Fresh off his vote to vastly expand the role of the federal government (via the health care takeover), our congressman, Tim Walz, was back in his district this week talking about solving the national debt problem. Only politicians can do things like this without dropping dead from embarrassment.
Walz's vote on health care was naive, at best. He may believe the utterly unbelievable notion that the health care bill will only cost $1 trillion over 10 years. Of course, that figure doesn't include a variety of budget gimmicks. Nor does it take into account the fact that every estimate of every major government social program ever has far underestimated the real costs. Hence the reason Social Security and Medicare face tens of trillions of dollars in unfunded liabilities.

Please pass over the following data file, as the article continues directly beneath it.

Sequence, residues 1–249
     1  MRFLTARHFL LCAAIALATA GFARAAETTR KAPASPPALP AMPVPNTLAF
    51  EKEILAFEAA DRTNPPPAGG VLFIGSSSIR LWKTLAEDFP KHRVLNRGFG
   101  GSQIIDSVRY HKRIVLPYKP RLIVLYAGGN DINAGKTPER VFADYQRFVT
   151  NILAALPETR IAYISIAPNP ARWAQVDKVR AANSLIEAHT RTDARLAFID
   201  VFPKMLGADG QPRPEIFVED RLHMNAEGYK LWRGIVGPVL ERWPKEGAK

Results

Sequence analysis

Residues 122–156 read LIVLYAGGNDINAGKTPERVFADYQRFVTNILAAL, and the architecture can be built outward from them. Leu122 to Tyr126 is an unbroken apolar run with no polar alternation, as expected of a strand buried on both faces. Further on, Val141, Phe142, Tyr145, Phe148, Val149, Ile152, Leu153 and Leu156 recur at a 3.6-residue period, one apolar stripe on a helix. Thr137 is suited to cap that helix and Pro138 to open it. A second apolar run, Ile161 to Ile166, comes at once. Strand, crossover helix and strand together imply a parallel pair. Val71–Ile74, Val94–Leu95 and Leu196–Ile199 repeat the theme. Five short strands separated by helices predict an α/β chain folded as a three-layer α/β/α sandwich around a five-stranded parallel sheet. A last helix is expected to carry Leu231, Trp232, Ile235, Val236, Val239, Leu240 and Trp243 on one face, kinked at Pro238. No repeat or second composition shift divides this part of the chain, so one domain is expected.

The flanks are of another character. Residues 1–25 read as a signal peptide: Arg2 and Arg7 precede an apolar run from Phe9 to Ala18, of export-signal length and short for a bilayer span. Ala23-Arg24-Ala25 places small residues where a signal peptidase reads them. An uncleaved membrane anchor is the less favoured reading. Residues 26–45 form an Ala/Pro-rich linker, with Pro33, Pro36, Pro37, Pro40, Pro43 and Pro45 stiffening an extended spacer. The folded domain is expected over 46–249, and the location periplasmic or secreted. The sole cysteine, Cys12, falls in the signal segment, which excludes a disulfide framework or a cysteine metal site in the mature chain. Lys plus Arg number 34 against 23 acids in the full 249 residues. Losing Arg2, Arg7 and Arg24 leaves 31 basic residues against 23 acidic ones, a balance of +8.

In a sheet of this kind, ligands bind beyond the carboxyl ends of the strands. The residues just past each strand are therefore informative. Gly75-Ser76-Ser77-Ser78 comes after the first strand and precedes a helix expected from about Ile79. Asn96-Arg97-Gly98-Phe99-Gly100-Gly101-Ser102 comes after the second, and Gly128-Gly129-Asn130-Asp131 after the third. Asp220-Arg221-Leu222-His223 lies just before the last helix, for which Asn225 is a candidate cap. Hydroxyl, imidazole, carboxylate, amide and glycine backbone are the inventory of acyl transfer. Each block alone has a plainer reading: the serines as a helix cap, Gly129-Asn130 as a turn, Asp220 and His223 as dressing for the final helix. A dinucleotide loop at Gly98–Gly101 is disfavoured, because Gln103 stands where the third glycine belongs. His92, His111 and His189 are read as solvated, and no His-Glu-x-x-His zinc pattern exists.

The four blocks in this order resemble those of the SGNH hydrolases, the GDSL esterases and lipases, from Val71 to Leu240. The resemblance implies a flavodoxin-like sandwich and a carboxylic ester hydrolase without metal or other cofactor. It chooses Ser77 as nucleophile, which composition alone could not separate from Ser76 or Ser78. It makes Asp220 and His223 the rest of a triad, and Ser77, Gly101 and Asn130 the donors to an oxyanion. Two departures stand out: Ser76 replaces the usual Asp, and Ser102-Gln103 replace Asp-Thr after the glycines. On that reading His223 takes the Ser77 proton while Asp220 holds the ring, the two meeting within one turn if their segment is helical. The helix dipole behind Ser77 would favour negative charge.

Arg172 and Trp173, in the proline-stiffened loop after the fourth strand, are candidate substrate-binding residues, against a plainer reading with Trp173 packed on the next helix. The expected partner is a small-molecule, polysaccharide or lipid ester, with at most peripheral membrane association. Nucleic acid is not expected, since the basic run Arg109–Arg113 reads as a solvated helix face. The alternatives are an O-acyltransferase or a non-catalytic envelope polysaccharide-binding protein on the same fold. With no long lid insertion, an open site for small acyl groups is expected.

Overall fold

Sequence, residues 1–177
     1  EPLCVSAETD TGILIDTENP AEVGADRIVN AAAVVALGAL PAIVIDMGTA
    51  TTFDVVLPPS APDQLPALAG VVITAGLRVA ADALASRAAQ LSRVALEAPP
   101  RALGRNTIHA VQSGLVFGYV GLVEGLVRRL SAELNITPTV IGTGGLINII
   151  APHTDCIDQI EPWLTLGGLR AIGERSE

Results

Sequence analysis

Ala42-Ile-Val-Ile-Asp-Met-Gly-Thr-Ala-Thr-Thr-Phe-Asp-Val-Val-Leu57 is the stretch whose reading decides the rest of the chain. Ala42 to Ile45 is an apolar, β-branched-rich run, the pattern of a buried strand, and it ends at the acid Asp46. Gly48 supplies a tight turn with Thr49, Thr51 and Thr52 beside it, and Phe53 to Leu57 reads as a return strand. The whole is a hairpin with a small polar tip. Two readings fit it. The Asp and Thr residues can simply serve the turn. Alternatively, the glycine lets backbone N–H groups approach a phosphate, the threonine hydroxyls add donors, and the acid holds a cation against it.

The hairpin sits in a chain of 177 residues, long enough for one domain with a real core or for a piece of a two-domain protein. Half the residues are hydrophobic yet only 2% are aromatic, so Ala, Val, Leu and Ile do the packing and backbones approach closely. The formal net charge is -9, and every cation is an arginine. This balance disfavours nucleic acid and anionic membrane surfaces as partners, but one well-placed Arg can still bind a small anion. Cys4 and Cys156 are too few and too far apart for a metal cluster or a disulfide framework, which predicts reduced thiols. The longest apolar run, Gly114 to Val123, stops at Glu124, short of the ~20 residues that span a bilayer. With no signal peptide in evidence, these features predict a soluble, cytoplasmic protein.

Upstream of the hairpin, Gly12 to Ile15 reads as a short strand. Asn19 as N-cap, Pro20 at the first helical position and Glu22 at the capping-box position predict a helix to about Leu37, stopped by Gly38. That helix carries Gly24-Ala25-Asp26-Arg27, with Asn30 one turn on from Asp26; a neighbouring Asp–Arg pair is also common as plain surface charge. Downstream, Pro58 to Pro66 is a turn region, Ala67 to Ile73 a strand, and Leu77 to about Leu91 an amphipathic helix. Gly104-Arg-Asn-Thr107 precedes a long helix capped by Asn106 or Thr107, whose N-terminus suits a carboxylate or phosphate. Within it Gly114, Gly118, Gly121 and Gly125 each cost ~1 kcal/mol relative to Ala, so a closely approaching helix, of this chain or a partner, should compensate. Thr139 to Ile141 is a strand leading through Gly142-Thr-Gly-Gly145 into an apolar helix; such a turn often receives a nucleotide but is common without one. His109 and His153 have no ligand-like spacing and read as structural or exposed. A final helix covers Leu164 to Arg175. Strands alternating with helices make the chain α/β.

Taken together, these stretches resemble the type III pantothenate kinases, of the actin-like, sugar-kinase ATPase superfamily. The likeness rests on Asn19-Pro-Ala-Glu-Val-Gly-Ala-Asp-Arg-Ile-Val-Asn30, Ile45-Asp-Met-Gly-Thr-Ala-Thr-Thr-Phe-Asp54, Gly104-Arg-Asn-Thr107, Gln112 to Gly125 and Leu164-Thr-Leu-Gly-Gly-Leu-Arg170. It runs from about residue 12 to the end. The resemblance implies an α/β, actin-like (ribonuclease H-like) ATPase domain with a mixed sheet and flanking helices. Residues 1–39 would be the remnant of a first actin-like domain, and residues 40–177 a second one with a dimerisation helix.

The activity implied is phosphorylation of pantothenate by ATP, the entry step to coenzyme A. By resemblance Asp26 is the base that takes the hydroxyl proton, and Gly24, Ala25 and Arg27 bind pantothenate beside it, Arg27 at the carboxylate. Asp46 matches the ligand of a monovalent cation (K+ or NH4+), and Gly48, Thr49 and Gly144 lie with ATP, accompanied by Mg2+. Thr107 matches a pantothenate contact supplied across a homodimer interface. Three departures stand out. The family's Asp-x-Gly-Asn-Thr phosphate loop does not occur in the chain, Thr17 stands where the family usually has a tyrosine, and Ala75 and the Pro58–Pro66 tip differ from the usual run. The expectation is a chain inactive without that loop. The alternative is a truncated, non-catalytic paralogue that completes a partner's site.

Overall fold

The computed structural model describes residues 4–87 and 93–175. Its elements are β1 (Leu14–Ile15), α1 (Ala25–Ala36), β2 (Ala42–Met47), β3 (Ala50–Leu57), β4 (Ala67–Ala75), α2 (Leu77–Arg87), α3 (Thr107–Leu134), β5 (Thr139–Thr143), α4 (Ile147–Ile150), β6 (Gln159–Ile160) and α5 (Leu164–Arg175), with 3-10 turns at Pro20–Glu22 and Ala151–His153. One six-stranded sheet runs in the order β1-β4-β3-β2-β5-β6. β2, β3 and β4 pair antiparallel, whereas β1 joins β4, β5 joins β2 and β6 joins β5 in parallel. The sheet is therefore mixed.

This is not to say Walz doesn't understand the problems debt entails. He told students in St. Charles: "A skyrocketing debt will have a real impact on your future and we have to work together to get it under control."
Unfortunately, by "working together" Walz means raising taxes. He says so in politician-speak: "The only way we will ever find solutions to this difficult challenge is to put partisanship aside, take a balanced approach and engage all Americans, especially young people, to make the hard, necessary choices."
Walz is a Democrat. Republicans who oppose his views oppose raising taxes. Hence "putting partisanship aside," in Walz's book means higher taxes. As does "taking a balanced approach" and making "the hard, necessary choices."
Granted, Walz may favor some budget cuts as well. That always begs the question: Why not start with the cuts?
Contrary to Walz's "balanced approach," we suggest that what the federal goverment needs to do is back off. Repealing health care reform is the first step, followed by others - over time - that dismantle welfare statism. America was founded on the principle of liberty, not socialism. We must look to our roots.